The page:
Folks who are currently jailbroken on iOS 6.1.2 or lower should obviously stay away from the evasi0n-killing software. But for those of you who already updated, there’s a new version of TinyUmbrella out…
Good news jailbreakers. Notcom has finally updated his popular SHSH blob-saver to support iOS 6.1.3. Apple seeded the update to users more than a month ago with a fix for the latest Lock screen security bug and Maps improvements.
Unfortunately, 6.1.3 also killed several of the exploits that the evad3rs were using in evasi0n, effectively killing the iOS 6 jailbreak. But for those of you who upgraded to it, whether by accident or choice, here’s TinyUmbrella version 6.13.00…
In light of Apple releasing iOS 6.1.2 last week, notcom has seeded a new version of his TinyUmbrella app. The popular SHSH blob-saving tool now supports all versions of iOS, excluding 6.1.3, which is still in beta.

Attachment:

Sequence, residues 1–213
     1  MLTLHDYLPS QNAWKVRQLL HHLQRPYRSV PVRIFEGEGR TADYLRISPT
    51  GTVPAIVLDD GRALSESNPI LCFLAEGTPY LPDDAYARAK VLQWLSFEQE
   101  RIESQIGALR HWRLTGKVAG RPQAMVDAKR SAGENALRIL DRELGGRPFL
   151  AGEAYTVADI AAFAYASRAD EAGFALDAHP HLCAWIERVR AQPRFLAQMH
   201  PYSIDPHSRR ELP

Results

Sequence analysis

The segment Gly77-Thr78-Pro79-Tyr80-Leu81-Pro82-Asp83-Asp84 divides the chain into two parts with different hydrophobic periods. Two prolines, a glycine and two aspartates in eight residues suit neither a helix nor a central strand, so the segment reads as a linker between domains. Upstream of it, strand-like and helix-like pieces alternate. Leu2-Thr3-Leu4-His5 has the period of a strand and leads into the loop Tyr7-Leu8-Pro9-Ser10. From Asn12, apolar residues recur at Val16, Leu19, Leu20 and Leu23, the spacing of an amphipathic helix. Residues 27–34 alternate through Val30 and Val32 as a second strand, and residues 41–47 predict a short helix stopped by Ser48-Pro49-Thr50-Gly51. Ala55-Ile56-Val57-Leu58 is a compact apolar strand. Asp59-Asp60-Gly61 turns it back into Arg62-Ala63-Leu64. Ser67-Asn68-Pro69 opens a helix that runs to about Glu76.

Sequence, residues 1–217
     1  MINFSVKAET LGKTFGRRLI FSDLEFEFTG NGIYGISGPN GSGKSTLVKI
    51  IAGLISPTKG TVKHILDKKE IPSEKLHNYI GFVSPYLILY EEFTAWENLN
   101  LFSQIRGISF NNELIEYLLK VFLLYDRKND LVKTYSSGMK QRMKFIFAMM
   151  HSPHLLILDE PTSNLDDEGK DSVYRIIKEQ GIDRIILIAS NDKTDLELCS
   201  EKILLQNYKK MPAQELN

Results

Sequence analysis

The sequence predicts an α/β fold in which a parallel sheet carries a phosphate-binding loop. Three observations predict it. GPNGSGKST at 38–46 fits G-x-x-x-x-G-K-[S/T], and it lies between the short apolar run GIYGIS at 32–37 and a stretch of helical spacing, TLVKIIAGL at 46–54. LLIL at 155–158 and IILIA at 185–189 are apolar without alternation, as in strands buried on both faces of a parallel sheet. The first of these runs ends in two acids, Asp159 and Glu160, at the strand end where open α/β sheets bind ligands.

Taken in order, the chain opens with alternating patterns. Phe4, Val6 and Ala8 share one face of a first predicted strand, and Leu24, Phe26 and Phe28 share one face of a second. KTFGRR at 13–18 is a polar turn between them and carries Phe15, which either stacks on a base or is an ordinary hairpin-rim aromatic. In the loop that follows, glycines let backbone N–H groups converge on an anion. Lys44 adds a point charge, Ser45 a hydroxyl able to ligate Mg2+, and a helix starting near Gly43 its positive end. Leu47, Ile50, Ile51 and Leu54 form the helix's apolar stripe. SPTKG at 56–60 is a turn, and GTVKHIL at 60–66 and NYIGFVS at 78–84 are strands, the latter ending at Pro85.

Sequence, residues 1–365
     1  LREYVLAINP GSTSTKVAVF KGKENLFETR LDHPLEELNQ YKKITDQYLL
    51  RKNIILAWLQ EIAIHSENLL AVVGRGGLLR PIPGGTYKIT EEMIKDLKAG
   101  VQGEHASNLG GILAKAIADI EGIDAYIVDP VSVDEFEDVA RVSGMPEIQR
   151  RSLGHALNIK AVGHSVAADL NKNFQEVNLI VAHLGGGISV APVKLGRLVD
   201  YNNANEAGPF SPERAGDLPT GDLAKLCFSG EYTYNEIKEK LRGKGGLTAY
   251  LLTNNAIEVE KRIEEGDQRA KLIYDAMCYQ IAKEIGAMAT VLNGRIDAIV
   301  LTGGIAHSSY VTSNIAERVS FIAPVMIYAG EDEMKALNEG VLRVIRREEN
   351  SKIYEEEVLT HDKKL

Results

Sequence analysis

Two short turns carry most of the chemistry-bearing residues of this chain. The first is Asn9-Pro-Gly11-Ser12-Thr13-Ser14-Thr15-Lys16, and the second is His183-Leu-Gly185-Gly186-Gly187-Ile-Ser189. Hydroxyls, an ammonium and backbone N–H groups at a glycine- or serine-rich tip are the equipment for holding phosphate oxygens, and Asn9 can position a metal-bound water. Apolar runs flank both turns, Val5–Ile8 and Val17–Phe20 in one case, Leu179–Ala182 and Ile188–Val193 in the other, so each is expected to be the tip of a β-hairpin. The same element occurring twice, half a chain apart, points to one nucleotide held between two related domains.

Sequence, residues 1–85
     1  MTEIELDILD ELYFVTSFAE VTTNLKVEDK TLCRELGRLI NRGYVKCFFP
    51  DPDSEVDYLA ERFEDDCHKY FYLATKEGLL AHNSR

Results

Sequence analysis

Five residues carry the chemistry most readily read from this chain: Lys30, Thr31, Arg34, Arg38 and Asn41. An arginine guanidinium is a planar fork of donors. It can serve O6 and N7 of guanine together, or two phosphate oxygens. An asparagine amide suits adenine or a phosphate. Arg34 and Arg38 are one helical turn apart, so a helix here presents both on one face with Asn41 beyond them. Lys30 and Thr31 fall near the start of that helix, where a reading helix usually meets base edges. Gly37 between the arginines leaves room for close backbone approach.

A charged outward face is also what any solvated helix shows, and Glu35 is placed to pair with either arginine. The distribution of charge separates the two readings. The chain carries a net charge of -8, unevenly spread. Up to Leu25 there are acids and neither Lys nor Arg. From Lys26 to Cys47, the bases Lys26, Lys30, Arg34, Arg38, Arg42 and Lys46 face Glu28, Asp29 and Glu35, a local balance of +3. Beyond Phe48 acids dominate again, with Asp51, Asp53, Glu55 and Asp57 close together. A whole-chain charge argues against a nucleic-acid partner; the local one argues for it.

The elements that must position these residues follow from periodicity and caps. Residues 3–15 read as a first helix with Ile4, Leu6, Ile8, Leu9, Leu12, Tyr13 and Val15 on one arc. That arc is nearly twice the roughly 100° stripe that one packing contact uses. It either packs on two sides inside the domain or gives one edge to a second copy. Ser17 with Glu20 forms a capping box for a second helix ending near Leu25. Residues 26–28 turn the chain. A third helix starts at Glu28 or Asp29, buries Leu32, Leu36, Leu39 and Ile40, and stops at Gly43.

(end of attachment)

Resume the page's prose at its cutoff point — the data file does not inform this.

That beta, though, is already causing waves in the jailbreak community. Evidence has been found in the firmware that Apple is patching evasi0n’s exploits, which makes this TinyUmbrella extremely important…
Every time there’s a new jailbreak, the same message is preached: Save your SHSH blobs! In fact, even when there is not a jailbreak, it’s a good practice to always save your SHSH blobs. These files are absolute must haves if there ever opens up the possibility to downgrade back to iOS 6.1 once newer firmware is released. If you don’t save your blobs for a specific firmware, then the possibility of ever being able to downgrade to that firmware is slim to none.
So please, be proactive. Save your SHSH blobs right now. That way, when Apple drops iOS 6.1.1, or whatever its next firmware will be called, you will already have your blobs saved. Apple has been quick about closing its firmware signing window as of late, so once the new firmware is released, it might be too late to save the iOS 6.1 blobs.
If you haven’t already done so, there’s no need to feel ashamed, but act now. Take a look at our easy to follow step-by-step walkthrough inside, and we’ll show you just how simple the process is.